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Citing the US Coast Guard, Canada's CBC News reported Friday that deteriorating relations between Canada and Russia, combined with a weakening satellite locator and the intricacies of maritime law, will make plans for retrieving a Canadian barge difficult.
The unmanned 134-foot barge, owned by Northern Transport Company Ltd, went adrift last fall on its way to the Northwest Territories after breaking free from its tugboat in a storm in the Beaufort Sea. The barge, named the NTAL-2, has since travelled 2,600 km before getting trapped in sea ice 70-80 kilometers off the coast of the far-eastern Russian region of Chukotka. A makeshift GPS tracker onboard the ship now places the vessel 42 kilometers from Russia's coast.
Speaking with CBC News, US Coast Guard Commander Shawn Decker speculated that rescuing the wayward vessel will be difficult, noting that "there is a challenge dealing with Russia, as far as the current state of communications between the US and Russia," which in Decker's view "includes Canada."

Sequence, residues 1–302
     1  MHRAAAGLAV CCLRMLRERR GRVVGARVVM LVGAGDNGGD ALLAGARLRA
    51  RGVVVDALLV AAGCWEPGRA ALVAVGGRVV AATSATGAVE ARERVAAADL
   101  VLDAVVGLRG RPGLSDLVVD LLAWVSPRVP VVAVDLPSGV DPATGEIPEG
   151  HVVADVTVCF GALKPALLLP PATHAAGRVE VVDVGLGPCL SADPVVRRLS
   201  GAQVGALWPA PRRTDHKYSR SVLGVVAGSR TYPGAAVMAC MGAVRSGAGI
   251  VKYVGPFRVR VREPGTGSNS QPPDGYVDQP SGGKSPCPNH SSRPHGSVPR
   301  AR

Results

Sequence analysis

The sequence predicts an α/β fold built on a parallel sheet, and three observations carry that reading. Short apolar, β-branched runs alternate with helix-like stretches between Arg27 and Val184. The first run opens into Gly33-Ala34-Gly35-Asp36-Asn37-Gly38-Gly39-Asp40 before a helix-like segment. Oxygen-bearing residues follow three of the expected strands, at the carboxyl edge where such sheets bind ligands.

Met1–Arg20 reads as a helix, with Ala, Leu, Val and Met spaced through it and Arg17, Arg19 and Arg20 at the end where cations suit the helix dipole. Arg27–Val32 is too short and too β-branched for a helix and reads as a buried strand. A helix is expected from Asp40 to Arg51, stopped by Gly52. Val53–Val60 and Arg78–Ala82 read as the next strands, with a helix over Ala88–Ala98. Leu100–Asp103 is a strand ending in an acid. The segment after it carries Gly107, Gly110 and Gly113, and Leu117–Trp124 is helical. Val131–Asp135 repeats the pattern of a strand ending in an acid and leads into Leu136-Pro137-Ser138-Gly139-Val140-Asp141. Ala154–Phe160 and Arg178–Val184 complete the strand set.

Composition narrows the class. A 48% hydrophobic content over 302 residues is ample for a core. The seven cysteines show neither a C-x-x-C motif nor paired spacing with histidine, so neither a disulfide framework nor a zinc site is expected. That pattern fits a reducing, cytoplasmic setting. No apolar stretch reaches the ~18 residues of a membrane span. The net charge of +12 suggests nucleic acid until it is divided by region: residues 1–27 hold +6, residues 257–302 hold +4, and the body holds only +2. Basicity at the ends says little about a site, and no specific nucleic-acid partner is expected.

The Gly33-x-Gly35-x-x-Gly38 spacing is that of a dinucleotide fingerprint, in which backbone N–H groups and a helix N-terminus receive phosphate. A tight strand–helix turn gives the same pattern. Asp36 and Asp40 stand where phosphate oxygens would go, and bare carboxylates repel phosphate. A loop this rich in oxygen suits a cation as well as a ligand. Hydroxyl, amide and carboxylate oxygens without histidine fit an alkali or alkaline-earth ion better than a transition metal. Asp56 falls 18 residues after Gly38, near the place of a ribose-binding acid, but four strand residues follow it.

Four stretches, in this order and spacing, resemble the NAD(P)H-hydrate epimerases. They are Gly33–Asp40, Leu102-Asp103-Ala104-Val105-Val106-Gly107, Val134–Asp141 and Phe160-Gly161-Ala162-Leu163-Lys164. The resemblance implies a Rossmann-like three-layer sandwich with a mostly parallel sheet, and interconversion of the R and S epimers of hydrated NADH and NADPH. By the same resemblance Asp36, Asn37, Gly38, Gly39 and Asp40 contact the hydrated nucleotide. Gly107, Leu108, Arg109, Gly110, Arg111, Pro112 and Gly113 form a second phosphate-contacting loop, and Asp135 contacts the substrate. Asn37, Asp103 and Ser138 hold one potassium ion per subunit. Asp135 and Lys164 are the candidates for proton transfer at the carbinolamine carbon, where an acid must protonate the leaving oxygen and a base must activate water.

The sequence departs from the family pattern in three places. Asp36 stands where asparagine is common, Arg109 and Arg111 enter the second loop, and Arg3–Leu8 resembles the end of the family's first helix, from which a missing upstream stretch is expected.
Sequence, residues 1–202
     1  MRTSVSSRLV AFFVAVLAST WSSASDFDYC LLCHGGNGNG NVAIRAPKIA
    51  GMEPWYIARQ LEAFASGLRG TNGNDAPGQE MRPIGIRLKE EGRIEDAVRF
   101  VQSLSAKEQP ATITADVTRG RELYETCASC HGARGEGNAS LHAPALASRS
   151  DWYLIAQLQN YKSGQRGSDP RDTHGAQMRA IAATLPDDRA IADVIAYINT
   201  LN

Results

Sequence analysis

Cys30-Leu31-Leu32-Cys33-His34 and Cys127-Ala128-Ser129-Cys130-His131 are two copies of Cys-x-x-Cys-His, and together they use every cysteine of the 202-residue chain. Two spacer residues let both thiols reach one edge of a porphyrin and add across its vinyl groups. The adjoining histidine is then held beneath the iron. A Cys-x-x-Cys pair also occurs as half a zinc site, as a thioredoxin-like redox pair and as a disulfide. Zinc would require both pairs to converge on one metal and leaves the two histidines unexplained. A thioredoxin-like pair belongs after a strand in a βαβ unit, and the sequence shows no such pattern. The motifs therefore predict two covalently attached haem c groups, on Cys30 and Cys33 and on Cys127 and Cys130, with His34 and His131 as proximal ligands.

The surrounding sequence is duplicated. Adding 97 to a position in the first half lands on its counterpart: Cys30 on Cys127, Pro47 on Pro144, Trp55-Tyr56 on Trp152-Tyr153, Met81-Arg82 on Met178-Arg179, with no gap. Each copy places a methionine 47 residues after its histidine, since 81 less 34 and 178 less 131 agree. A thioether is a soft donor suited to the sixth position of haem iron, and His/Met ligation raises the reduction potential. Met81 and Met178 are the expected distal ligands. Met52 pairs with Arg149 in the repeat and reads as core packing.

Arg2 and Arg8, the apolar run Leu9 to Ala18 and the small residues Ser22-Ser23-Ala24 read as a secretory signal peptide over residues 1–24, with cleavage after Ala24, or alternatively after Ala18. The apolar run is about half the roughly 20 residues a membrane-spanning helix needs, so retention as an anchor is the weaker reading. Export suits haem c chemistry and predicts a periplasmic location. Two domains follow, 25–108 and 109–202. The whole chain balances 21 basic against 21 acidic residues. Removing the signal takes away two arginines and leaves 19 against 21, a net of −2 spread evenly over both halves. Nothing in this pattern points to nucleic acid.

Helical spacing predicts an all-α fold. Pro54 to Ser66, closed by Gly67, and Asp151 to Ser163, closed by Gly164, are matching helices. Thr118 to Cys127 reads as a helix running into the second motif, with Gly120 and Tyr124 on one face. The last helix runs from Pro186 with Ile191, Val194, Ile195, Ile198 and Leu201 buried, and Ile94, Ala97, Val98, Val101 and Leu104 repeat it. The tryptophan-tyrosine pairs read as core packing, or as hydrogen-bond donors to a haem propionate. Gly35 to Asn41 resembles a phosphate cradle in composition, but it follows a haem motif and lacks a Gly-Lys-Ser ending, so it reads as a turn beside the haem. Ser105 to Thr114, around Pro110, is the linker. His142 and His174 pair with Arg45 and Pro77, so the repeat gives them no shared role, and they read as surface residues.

Experts fear that sea currents could result in the barge crashing into the Russian coast. John Higginbotham, Carleton University Professor and expert on Arctic policy, postulates that "I don't think it's going to be a case of tossing the ball over the hedge to your neighbor. If the Russians don't want to give it back, they won't give it back." Russia has thus far made no indication on their plans for dealing with the ship, authorities commenting last month only that they were monitoring the ship's location, along with the ecological situation in the area. The ship is believed to be carrying 3,500 liters of diesel fuel, with Chukotka authorities noting that no signs of spillage have been reported.
Canadian authorities are also worried about the particulars of maritime law, with salvage rights stating that recovering a ship or cargo entitles the finder to a reward, making it possible for reward-seeking individuals to grab the vessel and hold out for a reward. Canadian maritime law specialist Chris Giaschi told CBC that enterprising individuals "could hold on to the vessel until such time as an appropriate reward is given."
Compounding their worries, Canadian observers note that the makeshift GPS locator placed on the drifting vessel by the Marine Exchange of Alaska is getting weaker, and may go dead entirely in the near future.
Northern Transport Company Ltd has repeatedly declined to comment on the drifting barge, noting only that they have plans to recover it in July when sea ice melts.
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